In Ireland, the eight amendment referendum didn’t just change the law around abortion; in Rachel Trezise’s Cotton Fingers, it inspired a teen to live her life differently. She finds her voice for herself and others.
Living on a Belfast council estate dreaming of getting out, 19-year-old Aoife (Amy Molloy) had never confronted the self-created judgement and shame she always carried. “Why was I so sorry all the time?” she asks.
Even unprotected sex with her boyfriend comes from tending to his feelings, not her own. After an unintended pregnancy and a secret trip to Wales for an abortion (as Northern Ireland still blocks free access) something in her shifts. She finds she’s worth fighting for.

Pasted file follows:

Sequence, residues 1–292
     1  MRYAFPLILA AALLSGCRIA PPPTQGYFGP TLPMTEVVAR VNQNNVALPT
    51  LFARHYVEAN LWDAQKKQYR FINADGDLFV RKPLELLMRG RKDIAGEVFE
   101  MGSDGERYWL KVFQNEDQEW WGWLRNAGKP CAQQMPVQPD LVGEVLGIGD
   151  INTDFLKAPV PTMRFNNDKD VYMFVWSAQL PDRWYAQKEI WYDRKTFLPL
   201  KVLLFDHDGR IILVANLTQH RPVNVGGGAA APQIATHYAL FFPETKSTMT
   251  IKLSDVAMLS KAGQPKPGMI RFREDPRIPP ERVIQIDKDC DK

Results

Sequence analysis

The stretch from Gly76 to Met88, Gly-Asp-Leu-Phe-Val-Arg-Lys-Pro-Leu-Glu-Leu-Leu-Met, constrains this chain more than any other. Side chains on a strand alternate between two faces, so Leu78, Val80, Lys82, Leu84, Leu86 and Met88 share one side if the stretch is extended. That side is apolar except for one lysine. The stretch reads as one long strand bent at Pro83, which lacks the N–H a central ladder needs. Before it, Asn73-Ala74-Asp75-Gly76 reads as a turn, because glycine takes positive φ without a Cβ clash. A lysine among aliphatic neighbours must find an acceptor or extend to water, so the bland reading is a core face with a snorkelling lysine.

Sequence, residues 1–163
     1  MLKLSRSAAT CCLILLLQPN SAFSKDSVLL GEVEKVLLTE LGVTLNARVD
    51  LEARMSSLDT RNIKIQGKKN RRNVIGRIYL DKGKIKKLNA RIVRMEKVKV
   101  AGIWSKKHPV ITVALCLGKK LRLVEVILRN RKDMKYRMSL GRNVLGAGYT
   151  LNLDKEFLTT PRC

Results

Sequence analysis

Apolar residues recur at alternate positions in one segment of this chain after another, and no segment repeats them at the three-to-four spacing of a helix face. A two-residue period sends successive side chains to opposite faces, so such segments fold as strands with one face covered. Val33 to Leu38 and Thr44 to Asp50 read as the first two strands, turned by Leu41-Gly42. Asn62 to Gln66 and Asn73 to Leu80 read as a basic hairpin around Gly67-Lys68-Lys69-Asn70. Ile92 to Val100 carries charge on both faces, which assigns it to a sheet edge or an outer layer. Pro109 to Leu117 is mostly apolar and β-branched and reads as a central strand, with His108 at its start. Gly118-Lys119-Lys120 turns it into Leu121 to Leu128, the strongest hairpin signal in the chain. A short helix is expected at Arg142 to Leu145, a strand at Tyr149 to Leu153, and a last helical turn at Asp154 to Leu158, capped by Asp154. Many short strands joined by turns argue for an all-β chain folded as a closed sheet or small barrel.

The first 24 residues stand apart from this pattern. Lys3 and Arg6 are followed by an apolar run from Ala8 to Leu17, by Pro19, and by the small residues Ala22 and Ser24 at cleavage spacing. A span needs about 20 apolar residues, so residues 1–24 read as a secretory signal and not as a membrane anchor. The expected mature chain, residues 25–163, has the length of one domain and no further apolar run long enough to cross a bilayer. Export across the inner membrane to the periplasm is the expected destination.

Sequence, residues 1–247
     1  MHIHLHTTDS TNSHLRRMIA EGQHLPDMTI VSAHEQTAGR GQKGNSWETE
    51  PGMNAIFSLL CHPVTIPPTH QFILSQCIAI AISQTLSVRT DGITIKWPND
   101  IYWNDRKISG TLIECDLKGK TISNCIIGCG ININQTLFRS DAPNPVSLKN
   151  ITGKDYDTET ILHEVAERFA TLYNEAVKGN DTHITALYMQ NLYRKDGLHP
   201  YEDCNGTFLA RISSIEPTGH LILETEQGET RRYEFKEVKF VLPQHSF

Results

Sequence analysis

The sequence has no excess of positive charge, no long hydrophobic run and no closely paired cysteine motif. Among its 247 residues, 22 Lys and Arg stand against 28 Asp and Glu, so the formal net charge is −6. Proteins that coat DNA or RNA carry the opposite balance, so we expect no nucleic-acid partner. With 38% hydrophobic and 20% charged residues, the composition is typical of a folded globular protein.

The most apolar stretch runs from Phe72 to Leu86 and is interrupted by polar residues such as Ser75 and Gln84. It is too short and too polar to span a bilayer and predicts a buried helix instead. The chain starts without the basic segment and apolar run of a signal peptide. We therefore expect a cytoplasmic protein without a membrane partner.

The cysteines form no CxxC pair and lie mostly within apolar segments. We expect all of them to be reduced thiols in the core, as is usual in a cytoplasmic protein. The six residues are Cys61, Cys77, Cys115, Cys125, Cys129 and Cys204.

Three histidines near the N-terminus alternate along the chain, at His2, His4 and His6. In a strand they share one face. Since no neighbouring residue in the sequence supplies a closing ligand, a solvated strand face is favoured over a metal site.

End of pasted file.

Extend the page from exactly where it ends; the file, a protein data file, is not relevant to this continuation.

Trezise’s story is both emotionally powerful and rich with poetic language and vivid character. The occasional character tangent is kept in check by Julia Thomas’ assured direction, which keeps us engaged and expresses Aoife’s emotional transformation via physical labour – having Molloy push, drag, and carry a bench of seats on stage to set each scene. Defensive and steely to start, Molloy softens and strengthens with Aoife’s growth.
A translucent brick wall, which changes texture and colour through lighting, and a reflective floor with a dusting of snow show the marks Aoife is making on the world even before she recognises them.